The Brissago house is a pared-back structure that reduces its visual language to a sparse arrangement of blank walls and large windows.
The garden doors reveal two paths leading down to the large garden terrace below the house. From here the lake is revealed in all its glory, creating an oasis shielded from neighbouring properties. Designed using the same gridded aesthetic, the terrace is finished in a combination of concrete and wood and contains a pool and an outdoor kitchen by Gardelino, sunk into the ground to reference the courtyards, walls, and stairs of the main house. Furniture is carefully selected, including Ninix outdoor chairs by the Belgian firm Royal Botania. “We always appreciate being involved in choosing furniture with the client,” says de Meuron. “It’s even better if we can design it as well, which often happens.”
The landscape is still very evident in the living room. Like the kitchen above, this generous room is a dual aspect space, with views across and down the lake. Arranged around the hearth, a large Flexform Soft Dream sofa wraps around the glass-fronted, corner-mounted hearth. Behind it, the concrete has been cast to form large shelving slots for books, ornaments, and artworks. The floor below contains two bedrooms, a bathroom, and a fitness suite, while the master bedroom is located on the first floor, alongside its own bathroom and sauna. Exits on both levels intersect with the sloping garden and provide additional ways of getting down to the pool.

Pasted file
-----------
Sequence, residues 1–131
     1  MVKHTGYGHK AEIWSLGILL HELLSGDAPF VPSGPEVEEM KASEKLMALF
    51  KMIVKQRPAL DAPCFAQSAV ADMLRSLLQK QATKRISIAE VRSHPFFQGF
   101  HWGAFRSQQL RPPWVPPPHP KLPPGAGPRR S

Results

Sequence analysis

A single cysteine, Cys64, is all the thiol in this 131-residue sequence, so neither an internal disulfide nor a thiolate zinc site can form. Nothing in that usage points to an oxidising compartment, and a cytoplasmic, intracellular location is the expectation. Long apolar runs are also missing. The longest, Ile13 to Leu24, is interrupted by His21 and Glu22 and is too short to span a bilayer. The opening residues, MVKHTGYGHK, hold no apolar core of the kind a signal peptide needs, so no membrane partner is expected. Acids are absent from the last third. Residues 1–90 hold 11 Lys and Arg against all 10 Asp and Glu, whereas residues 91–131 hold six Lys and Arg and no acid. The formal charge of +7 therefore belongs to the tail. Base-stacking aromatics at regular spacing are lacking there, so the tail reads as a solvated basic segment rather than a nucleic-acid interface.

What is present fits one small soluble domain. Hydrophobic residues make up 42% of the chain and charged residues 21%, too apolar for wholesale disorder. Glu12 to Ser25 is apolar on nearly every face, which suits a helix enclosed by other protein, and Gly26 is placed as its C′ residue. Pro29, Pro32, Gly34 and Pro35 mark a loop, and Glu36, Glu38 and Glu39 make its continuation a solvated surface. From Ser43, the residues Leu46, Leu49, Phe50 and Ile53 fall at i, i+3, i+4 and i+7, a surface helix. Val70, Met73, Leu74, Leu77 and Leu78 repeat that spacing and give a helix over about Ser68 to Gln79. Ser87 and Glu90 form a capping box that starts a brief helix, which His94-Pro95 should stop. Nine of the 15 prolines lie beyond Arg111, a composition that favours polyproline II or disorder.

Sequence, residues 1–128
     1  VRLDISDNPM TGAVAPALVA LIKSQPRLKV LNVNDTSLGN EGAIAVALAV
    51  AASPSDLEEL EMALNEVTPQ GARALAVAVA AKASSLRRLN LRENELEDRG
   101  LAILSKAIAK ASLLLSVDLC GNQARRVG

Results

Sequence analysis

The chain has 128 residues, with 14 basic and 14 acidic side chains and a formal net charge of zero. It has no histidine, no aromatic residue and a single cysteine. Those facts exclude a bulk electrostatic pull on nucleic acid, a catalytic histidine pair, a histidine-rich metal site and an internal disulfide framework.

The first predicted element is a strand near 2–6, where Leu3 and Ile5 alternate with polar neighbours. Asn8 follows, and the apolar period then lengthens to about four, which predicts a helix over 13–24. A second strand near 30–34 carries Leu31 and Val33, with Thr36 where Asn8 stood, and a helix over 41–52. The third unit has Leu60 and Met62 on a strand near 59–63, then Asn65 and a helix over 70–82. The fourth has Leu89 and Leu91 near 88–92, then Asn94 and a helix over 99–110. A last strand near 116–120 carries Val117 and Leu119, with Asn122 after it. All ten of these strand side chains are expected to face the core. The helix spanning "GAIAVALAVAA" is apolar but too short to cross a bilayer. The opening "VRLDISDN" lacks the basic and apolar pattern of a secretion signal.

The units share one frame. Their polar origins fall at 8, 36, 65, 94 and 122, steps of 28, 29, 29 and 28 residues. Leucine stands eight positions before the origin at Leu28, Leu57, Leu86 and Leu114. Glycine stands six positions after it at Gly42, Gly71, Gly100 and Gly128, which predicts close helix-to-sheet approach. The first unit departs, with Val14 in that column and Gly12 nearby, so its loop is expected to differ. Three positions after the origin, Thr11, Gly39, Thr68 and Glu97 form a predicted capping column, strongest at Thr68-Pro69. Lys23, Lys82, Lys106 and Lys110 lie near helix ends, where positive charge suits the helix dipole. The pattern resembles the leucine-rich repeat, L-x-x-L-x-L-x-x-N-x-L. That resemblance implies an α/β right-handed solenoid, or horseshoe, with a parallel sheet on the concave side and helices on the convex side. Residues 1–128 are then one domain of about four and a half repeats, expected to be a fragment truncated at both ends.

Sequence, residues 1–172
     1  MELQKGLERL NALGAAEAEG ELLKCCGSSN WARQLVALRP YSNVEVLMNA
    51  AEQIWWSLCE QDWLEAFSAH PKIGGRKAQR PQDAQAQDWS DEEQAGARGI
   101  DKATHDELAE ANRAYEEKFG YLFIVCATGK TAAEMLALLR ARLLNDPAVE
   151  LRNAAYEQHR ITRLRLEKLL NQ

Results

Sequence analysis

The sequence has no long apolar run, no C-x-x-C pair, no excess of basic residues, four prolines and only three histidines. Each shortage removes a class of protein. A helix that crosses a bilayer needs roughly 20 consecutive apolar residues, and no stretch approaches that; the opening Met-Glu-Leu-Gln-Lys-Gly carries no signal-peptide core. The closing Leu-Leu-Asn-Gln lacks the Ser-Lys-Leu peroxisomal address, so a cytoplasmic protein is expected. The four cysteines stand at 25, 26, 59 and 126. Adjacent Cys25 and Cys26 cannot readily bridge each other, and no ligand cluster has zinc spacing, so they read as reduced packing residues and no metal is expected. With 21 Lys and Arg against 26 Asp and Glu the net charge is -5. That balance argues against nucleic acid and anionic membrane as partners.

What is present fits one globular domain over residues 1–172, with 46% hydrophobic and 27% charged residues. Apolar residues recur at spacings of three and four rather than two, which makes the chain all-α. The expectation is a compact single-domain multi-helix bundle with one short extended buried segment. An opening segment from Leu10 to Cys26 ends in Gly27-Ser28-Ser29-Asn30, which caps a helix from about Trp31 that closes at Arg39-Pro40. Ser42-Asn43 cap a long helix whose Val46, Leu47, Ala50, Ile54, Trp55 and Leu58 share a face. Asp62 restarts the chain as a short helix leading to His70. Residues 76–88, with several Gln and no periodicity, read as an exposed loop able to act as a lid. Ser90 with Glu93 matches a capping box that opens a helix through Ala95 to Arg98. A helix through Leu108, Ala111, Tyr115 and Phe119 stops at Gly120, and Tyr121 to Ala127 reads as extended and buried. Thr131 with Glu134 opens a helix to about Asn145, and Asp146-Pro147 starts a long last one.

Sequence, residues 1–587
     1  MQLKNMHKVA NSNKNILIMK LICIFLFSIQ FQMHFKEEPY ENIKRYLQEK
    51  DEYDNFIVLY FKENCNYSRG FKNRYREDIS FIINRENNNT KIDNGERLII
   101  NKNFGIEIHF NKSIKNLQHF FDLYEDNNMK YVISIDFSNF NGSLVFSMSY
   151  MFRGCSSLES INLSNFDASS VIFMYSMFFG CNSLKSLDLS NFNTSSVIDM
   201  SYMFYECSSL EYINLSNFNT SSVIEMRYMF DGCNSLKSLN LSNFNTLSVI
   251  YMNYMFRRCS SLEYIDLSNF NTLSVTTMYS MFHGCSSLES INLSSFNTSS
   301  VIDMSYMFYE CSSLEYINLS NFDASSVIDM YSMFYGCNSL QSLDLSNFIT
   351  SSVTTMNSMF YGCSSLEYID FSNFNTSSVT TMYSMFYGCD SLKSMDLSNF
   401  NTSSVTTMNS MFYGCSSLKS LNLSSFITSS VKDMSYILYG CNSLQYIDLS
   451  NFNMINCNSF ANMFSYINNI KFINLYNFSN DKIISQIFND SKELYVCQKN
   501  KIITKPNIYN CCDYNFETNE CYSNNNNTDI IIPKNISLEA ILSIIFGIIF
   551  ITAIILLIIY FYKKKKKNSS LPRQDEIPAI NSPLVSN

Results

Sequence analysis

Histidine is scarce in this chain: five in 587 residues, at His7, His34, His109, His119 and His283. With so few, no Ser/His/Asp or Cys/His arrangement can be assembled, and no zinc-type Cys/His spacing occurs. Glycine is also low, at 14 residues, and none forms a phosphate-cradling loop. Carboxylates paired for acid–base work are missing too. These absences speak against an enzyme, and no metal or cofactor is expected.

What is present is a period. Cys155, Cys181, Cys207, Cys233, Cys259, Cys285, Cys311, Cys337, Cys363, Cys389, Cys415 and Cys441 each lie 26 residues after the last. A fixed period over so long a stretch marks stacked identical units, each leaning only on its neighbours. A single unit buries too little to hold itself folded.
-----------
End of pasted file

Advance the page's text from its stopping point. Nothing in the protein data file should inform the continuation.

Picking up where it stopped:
Wespi de Meuron Romeo were responsible for the design of all the built-in and architectural furniture, from the dining table to the beds and study desk, using solid oak. Sanitary ware and kitchen fittings are by the Swiss firms Arwa and Franke. The house itself was built by Verzeroli Elia e Figli, with the carpentry and joinery carried out by Steiner Schreinerei.
The large expanses of glass and custom frames were provided by the Ascona-based firm of Lurati & Frei; the architects juxtaposed the smooth surfaces with the rough concrete walls. “We were looking for a material which created a connection with traditional old structures nearby, all of which were built in natural stone,” says de Meuron. They used specially treated concrete, stripping away the outer layer to create a raw, natural finish. “It becomes very rough and the stone aggregate reappears,” the architect explains. “It’s as if decomposition has already started and the aging process is underway. With time, the house will get a patina.”
Despite their expertise with concrete and stone, this was Wespi de Meuron Romeo’s first experience of using this particular concrete construction. “We visited other houses that used the material,” the architect says. “We were also on site to oversee the concrete washing procedure, to make sure we got exactly the right result.”
The Brissago House builds on Switzerland’s admirable tradition of refined contemporary living, mixing a respect for landscape and site with a rigorous approach to materials and detailing. The result is warm but uncompromising, a place for contemplating the relationship between architecture and the natural world.